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This Smart Bandage Turns Green When Wounds Are Infected

The bandage senses for biofilms released by bacterial colonies before they become dangerous.

People with severe burns face a high risk of infection. Bandages wrapped around a wound help the healing process, yet also raise the chances that nasty bacteria will multiply.

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But now U.K. researchers from the University of Bath have come up with a possible solution. They’ve developed a “smart bandage” that senses for bacteria and offers an early warning that a serious infection is on the way.

The bandage, designed for children, contains gel-like nanocapsules sensitive to toxins. When in presence of bacterial biofilms, the dressing releases a colored dye that tells clinicians they need to act.

The patch is still at the prototype stage. But, in tests, it turned green in the presence of three types of pathogenic bacteria and not in the presence of non-pathogenic bacteria. At the same time, the dressing can also secret antimicrobial agents that slow the infection rate.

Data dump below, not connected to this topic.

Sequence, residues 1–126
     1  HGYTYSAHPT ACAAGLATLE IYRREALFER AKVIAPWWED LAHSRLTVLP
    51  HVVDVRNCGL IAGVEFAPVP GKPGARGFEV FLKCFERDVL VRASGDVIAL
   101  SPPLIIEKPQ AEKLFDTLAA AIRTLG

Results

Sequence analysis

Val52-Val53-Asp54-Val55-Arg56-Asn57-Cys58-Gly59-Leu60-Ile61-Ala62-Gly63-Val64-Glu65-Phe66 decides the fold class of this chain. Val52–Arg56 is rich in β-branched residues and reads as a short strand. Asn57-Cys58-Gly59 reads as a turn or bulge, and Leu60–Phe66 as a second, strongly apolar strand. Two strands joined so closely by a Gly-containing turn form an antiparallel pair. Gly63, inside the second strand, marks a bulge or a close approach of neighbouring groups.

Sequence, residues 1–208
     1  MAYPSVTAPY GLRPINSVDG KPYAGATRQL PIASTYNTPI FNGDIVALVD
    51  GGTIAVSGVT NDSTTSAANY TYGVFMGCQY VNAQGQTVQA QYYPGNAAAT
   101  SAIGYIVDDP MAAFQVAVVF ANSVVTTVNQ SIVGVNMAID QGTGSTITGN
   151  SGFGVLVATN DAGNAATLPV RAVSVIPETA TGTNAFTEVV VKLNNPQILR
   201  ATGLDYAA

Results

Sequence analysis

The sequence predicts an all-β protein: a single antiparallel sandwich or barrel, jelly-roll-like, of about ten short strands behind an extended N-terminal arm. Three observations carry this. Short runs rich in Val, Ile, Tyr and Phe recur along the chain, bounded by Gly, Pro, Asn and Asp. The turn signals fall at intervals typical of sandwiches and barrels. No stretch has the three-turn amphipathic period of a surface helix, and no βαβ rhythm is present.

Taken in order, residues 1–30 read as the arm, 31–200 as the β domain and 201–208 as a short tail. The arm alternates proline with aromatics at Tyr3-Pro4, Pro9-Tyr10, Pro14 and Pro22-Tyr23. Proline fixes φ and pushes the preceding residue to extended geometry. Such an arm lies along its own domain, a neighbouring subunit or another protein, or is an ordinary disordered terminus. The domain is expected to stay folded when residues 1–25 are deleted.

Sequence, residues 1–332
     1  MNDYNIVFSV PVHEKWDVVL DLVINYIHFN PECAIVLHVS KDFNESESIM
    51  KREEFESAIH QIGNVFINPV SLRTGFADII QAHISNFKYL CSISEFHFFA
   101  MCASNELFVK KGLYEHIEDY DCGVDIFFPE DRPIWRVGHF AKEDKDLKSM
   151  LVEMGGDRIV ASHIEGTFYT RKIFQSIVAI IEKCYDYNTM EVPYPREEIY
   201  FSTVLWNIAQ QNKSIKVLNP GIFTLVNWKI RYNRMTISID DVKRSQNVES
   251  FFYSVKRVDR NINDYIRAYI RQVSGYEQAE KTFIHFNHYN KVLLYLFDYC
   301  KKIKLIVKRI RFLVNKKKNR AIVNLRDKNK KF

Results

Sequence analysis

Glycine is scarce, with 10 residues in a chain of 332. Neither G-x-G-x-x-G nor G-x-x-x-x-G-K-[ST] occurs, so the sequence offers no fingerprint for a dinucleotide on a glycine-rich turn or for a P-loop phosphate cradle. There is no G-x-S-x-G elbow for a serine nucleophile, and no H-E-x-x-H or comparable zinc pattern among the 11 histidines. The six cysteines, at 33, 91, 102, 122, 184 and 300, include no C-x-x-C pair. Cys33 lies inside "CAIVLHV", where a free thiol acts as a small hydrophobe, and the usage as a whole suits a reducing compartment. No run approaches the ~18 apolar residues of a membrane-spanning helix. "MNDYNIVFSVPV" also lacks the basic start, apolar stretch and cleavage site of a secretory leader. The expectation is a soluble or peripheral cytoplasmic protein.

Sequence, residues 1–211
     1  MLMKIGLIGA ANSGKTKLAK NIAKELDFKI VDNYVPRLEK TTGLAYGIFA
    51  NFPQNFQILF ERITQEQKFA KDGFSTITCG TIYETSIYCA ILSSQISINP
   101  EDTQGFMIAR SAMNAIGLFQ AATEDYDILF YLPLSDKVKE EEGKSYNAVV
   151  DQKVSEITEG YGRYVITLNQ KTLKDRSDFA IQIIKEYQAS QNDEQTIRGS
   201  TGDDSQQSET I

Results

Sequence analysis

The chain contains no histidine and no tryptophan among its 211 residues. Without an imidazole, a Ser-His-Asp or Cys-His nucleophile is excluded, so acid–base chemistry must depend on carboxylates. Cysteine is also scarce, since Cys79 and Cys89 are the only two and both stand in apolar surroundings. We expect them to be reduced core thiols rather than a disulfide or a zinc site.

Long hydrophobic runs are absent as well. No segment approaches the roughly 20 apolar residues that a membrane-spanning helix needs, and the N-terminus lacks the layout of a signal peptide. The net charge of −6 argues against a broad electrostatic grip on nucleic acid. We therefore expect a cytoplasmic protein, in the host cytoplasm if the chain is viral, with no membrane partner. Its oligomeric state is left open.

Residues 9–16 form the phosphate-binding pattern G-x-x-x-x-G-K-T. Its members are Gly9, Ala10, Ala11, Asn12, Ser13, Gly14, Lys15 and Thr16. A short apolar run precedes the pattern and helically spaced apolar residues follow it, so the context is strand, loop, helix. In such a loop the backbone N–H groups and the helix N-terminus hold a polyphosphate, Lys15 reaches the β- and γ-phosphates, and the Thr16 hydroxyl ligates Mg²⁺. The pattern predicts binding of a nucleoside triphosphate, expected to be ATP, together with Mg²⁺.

The bandage senses for biofilms released by bacterial colonies as a protection mechanism, according to Toby Jenkins, a professor at the university. These films emerge before signs of serious clinical problems, so are useful early warning mechanisms.

At the same time, the bandage could help reduce the need for antibiotics that are often given preemptively to avoid infections. The research seems smart in several ways.

About the author

Ben Schiller is a New York staff writer for Fast Company. Previously, he edited a European management magazine and was a reporter in San Francisco, Prague, and Brussels.

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